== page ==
And as we ended 2015, reports talked of demand having tidal waved, cramping supply and driving up minimum orders, especially in the 16-ounce category, which many craft brewers are gravitating toward to stand out from the pack. From Fox News:
“Certainly we’ve seen some of our brewery members struggle in recent months,” Bart Watson, chief economist at the craft beer trade group Brewers Association, told the Times. “This has proven to be a real challenge for members that have built their business model around getting these cans.”
In previous years, many small brewers purchased cans from just one manufacturer, Crown, for orders in the low thousands. But as the company started feeling the squeeze to deliver more types of cans with more microbreweries popping up around the country, the can maker upped its minimum order to a truckload, which can range from about 155,000 to 200,000, depending can size.
“That’s a lot of cans to store, it’s a lot of cash to lay out, and the little guys just don’t have that,” Tim Dorward, a mobile canner, told the Times. “Crown was working with people, and they’re very interested in the craft industry, but it just caught them by surprise.”
For further insight, we consulted, Ron Skotleski, director of marketing for Crown Beverage Packaging, North America. Crown is the world leader in innovation for metal beverage packaging and is currently investing in and working on a wide variety of projects to improve user experience, functionality and offer new technologies that would allow brewers greater freedom to create new types of products to offer in a metal can.
In 2015, Crown continued to see explosive growth, including tremendous growth in the number of new breweries starting to use cans (bringing on 135 new craft customers year to date 2015). And there has indeed been an increase in interest in 16- vs. 12-ounce cans, but 12 ounce still makes up the majority of Crown’s business, and those aforementioned large regional players are the ones that have really boosted demand.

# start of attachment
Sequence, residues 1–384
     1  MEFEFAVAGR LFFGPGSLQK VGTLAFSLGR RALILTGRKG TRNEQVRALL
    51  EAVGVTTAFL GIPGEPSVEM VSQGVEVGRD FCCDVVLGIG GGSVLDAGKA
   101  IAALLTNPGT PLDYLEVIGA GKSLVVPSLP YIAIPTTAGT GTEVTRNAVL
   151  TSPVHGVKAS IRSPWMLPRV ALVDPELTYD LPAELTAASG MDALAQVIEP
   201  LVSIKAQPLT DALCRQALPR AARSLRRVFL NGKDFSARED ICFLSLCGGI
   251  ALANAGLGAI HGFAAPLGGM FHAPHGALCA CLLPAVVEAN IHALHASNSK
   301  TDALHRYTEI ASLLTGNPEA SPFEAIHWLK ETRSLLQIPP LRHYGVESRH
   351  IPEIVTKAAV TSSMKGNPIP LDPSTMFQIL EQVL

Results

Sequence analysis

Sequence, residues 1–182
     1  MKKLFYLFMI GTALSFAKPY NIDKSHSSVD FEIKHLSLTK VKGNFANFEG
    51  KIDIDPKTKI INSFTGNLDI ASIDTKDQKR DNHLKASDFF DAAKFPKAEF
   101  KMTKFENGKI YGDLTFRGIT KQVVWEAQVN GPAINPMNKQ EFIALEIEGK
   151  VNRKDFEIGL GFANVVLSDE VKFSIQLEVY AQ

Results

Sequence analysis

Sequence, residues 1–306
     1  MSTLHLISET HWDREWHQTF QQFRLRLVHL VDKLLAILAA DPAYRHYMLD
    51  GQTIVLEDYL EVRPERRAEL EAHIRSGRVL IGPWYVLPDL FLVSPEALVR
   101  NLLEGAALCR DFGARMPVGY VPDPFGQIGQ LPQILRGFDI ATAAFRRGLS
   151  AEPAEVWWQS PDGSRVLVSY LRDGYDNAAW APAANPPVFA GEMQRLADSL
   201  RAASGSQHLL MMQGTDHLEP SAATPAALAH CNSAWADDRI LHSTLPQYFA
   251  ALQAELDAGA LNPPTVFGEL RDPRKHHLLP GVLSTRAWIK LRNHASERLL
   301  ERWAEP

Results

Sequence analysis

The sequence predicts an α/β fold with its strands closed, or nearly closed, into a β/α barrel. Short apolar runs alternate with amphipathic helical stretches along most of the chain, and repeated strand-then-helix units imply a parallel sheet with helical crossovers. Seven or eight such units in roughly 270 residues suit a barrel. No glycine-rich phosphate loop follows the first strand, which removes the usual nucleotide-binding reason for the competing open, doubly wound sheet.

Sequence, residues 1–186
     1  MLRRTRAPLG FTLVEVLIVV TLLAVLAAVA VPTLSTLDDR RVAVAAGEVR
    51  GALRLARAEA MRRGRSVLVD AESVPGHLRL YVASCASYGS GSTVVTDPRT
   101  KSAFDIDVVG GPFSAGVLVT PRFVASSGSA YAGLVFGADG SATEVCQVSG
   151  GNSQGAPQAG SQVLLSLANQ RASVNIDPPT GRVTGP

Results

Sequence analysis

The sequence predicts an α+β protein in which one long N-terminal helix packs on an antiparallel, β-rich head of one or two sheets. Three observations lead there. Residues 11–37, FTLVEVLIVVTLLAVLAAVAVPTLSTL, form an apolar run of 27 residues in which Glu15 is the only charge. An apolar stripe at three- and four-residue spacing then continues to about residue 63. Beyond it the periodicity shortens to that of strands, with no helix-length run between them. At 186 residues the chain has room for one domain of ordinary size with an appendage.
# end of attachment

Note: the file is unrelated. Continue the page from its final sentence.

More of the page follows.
“We have also been seeing many of our core craft customers double and even triple in size,” Skotleski said. “We have been seeing lately many of the larger craft players, who have traditionally been in glass, looking at starting or improving their can footprint.”
For cans specifically, YTD the industry as a whole has experienced slightly over 2 percent growth in the Alcoholic Beverage Segment, according Skotleski. In 2015, Crown is projecting can sales for the craft market to finish up 56 percent vs. 2014. From the innovation side, Skotleski expects to see more and more breweries experimenting with a variety of graphics capabilities (inks and varnishes) and some larger breweries trying specific labels in the sleek-styled can size vs. the traditional standard 12- and 16-ounce cans.
So, as we head into 2016, much like the craft brewing industry, do not expect the canning craze to slow down.
“From a marco, industry-wide perspective, I would expect 2016 to continue down the path of acquisition for larger, regional craft breweries. I would not be surprised to see regional breweries continue to expand their distribution footprint and open additional facilities to become national players. I am also optimistic that the larger craft breweries that up until now have focused traditionally on glass, will make a bigger push into cans,” Skotleski said.